Choose from a range of different tasks about the short story "Good Advice is Rarer Than Rubies" by the renowned author Salman Rushdie.
- What made Miss Rehana go to the British Embassy for an immigration visa to Britain?
- What advice did Muhammad Ali offer her?
- In what way did she use his advice?
- How do you explain her behaviour at the embassy?
- Outline Muhammad Ali's assumptions about Miss Rehana's hopes and wishes and show how they are proved wrong.
Literary Analysis: Direct Quotations
Comment on the following direct quotations from the text:
- "Her innocence made him shiver with fear for her. She was a sparrow, he told her, and they were men with hooded eyes, like eagles."
- "Life is hard, and an old man must live by his wits."
- "When fate sends a gift, one receives good fortune."
Literary Analysis: Structure, Character and Theme
- How is this short story structured: Beginning (exposition), Middle (Complication), Turning Point and End (Resolution)?
- Muhammed Ali is portrayed by the narrator as a hardened swindler. Find evidence to indicate that he is not. Take care not to accept his own words at face value. How would you describe the other side of him?
- At the beginning of the story Miss Rehana is portrayed as innocent, respectful and polite. What evidence can you find to indicate that she may be critical, ironic and disrespectful?
- Read the opening paragraph again. How would you describe the mood? Then read the two short final paragraphs. How can we argue that the end takes us back to the beginning?
- Does Miss Rehana’s revealing to Muhammed Ali that she really does not want to go to England, come as a complete surprise to us?
- What is the main theme of this story?
- After her return to Lahore, Miss Rehana phones her fiancé in Bradford to explain that she has failed to get permission to join him in England. Work in pairs and act out the conversation. You may record it using e.g. Skype or Audacity.
- The day after Miss Rehana’s return to Lahore, she visits her friend. Act it out.
- Miss Rehana avoided entering into a pre-arranged marriage by deliberately failing to get a visa to Britain. Discuss:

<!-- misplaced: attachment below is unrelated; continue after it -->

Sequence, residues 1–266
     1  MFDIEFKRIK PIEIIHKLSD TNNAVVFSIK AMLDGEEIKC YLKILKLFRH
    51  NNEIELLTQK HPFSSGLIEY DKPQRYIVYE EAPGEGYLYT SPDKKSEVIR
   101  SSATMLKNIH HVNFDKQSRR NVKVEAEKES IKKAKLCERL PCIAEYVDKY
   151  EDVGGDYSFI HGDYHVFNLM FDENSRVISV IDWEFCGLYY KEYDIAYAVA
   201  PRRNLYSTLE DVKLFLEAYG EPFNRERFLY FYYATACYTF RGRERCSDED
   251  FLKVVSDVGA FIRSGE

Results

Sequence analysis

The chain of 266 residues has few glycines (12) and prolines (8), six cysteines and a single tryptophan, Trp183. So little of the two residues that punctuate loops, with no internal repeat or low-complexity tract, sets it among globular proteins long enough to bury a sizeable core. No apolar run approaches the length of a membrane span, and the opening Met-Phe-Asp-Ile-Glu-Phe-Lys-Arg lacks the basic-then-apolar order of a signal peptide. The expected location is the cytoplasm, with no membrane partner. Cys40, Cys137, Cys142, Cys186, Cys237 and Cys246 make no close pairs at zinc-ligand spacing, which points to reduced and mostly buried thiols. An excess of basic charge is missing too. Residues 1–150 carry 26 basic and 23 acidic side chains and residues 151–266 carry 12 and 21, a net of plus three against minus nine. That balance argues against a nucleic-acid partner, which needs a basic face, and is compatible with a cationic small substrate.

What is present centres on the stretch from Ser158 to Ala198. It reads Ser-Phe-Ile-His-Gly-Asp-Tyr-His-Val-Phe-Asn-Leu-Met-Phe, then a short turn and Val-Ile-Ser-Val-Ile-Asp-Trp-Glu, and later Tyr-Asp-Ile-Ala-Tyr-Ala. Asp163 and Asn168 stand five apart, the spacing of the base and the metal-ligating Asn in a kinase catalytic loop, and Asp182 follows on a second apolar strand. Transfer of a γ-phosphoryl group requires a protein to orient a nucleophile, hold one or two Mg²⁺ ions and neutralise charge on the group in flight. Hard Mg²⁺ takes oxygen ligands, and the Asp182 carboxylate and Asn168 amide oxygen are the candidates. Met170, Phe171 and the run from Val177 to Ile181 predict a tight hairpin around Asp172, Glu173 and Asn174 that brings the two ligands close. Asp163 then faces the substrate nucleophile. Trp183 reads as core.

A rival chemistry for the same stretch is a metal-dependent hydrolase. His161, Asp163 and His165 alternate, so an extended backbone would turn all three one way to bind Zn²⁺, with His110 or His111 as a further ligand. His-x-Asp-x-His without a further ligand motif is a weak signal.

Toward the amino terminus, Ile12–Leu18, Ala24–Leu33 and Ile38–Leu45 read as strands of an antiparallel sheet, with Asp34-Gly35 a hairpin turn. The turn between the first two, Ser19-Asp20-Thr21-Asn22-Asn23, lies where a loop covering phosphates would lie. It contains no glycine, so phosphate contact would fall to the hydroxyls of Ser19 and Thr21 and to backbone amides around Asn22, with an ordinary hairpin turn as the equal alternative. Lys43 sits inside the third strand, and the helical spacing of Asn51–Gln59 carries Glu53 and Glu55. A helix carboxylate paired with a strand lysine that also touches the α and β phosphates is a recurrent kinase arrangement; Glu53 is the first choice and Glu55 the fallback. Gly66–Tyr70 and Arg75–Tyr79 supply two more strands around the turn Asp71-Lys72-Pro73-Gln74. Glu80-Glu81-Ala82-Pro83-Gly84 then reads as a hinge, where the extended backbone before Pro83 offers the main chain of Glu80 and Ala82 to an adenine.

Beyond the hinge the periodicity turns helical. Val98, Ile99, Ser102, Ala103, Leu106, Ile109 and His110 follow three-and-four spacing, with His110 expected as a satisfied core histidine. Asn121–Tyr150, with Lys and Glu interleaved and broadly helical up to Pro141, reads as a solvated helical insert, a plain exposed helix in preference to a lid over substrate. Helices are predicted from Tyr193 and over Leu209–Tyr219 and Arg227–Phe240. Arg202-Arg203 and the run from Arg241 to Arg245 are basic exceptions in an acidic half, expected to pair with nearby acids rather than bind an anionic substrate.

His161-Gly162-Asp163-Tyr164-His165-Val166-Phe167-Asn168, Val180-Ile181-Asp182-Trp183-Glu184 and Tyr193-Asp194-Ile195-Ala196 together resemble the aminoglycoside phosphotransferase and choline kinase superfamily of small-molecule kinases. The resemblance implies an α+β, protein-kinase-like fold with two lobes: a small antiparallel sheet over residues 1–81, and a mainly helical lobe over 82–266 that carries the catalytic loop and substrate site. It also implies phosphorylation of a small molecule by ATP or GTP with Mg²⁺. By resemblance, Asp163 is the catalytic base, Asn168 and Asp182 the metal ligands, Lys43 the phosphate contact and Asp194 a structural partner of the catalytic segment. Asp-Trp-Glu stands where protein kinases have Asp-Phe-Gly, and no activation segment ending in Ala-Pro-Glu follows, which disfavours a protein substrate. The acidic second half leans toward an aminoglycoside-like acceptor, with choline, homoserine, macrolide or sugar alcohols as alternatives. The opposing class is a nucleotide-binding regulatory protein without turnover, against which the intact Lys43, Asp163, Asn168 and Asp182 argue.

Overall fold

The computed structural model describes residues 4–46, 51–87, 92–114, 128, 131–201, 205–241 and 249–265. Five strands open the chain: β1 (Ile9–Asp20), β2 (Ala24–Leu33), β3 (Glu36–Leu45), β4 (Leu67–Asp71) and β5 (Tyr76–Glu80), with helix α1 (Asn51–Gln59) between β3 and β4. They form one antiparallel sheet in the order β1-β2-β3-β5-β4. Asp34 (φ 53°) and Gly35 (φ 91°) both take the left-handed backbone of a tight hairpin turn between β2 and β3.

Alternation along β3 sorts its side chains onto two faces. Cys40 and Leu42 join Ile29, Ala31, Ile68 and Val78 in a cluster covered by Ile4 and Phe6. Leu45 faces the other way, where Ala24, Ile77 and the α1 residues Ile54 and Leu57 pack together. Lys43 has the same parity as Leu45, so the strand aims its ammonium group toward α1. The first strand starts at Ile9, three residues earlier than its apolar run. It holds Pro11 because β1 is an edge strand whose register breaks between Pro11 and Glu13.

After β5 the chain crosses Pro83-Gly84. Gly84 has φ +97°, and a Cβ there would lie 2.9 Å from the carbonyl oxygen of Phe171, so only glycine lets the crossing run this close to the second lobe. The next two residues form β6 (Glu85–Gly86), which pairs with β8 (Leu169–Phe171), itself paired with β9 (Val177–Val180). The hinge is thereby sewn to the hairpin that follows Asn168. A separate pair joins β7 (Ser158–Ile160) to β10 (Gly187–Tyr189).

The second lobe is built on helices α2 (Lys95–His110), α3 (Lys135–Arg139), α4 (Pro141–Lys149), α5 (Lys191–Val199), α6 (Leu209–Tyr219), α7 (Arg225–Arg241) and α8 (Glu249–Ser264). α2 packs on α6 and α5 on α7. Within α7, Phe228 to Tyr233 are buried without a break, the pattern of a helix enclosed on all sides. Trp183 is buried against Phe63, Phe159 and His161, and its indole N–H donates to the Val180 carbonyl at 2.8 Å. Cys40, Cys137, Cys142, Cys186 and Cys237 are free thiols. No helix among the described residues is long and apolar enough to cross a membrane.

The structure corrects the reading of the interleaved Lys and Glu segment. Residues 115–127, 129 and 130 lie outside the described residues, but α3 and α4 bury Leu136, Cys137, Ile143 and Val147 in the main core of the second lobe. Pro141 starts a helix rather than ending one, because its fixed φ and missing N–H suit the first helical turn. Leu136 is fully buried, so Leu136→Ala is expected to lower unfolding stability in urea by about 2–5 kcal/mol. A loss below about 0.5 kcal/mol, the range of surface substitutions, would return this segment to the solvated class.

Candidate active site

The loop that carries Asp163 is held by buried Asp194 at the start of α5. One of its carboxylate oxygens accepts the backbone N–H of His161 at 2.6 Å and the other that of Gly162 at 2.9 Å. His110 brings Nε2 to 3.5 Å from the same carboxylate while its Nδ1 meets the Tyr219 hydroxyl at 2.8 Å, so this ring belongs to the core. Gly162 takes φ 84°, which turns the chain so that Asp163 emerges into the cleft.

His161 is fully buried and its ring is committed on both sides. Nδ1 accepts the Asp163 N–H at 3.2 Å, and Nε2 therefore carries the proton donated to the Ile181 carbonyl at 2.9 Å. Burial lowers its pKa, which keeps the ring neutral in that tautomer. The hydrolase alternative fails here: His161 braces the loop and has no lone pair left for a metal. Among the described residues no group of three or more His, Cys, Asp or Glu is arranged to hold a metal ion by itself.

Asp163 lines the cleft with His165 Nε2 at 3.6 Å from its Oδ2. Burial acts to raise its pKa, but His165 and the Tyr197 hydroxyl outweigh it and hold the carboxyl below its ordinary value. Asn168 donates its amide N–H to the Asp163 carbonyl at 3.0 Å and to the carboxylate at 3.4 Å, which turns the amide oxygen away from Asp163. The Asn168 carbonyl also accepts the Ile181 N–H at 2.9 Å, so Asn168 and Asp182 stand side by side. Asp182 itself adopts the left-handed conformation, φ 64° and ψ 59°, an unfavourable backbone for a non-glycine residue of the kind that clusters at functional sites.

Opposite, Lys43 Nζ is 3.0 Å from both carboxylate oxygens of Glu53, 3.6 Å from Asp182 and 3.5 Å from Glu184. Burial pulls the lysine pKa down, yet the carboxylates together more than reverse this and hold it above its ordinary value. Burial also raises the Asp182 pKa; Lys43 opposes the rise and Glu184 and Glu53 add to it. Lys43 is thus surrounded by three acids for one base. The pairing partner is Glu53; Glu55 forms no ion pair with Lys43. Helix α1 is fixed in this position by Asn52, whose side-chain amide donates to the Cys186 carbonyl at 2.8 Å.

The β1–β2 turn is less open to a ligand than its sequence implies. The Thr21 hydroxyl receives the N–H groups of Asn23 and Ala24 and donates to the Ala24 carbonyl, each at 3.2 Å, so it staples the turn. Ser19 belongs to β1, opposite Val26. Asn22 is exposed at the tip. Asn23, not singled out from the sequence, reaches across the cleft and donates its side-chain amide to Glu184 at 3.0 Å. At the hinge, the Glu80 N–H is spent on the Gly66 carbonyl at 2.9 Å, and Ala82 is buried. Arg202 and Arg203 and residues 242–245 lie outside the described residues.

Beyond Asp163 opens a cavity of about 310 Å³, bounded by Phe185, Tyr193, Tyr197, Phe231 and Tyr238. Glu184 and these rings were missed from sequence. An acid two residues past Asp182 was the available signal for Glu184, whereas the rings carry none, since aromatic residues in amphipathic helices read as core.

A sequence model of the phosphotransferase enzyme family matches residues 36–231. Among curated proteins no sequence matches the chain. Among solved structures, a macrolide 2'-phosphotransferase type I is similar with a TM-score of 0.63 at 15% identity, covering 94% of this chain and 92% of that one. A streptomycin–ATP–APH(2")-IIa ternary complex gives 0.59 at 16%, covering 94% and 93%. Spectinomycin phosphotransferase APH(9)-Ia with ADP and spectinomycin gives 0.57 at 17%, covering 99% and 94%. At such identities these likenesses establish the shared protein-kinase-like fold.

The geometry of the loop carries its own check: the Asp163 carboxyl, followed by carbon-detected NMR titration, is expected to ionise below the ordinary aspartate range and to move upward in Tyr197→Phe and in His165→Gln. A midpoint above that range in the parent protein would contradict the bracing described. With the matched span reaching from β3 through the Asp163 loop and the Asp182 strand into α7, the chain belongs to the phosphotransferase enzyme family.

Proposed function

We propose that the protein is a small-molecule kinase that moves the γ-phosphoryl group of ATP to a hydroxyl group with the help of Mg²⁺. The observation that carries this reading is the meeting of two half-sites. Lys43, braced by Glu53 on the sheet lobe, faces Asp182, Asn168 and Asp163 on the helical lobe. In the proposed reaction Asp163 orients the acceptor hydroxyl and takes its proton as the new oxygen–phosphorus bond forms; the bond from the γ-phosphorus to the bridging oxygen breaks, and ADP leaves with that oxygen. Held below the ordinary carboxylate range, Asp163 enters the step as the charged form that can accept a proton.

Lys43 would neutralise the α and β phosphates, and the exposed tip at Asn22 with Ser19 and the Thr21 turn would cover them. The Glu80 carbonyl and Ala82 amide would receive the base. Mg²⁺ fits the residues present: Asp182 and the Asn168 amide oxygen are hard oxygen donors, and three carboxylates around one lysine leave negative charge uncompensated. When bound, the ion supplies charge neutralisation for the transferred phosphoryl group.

- What objections are generally raised in the Western world to such a marriage practice?
- What can be said against Western style marriages?
- What makes it difficult for East and West to see eye to eye on the issue of marriage?
- Do you know of other areas which may lead to cross-cultural tension or conflict?
- Write a summary (about ½ page) of Good Advice Is Rarer than Rubies. Then go on to suggest what you regard as the central theme. Some stories are sometimes written simply for entertainment, others because the writer wants to address an important issue, often expressing his opinion on this issue in the shape of a message. Does Good Advice have a message to the reader? Conclude by stating your own opinion of the story.
- Write character studies of Miss Rehana and Muhammad Ali. How are they influenced by each other? How do they change in the course of the story? Account for the different actions of the two. Why do you think Miss Rehana actually seemed relieved at the end in spite of having her application for a visa rejected?
- Write a comment on the ways in which Miss Rehana deals with stereotypical expectations of female behaviour.
- Relate Miss Rehana’s story as you imagine she would have told it to her best friend after returning to her village. You may also present this task as a dialogue or a letter.
- The encounter with Miss Rehana puzzled Muhammad Ali a great deal. How would he relate the incident to his wife Ravina, at the dinner-table in the evening? Write the dialogue.
- Some people argue that Good Advice is mainly a story of an arranged marriage, others suggest that it is much more. Write an essay where you discuss what you think are the most interesting aspects of the story (e.g. themes, characters, setting).
- Write a literary analysis of the short story. Take into account how the author creates suspense and reveals the characters' feelings. Consider point of view, setting and the choice of words.
Last revised date 06/21/2018